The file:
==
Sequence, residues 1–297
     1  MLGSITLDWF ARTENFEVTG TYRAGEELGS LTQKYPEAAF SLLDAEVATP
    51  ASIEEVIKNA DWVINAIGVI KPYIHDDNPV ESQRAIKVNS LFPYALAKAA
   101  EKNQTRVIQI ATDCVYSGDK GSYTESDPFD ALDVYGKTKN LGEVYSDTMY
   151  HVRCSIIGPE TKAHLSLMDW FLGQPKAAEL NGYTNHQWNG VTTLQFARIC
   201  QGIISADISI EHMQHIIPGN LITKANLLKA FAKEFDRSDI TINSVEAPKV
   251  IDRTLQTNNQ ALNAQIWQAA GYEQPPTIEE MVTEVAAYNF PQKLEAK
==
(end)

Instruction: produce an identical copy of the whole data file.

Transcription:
Sequence, residues 1–297
     1  MLGSITLDWF ARTENFEVTG TYRAGEELGS LTQKYPEAAF SLLDAEVATP
    51  ASIEEVIKNA DWVINAIGVI KPYIHDDNPV ESQRAIKVNS LFPYALAKAA
   101  EKNQTRVIQI ATDCVYSGDK GSYTESDPFD ALDVYGKTKN LGEVYSDTMY
   151  HVRCSIIGPE TKAHLSLMDW FLGQPKAAEL NGYTNHQWNG VTTLQFARIC
   201  QGIISADISI EHMQHIIPGN LITKANLLKA FAKEFDRSDI TINSVEAPKV
   251  IDRTLQTNNQ ALNAQIWQAA GYEQPPTIEE MVTEVAAYNF PQKLEAK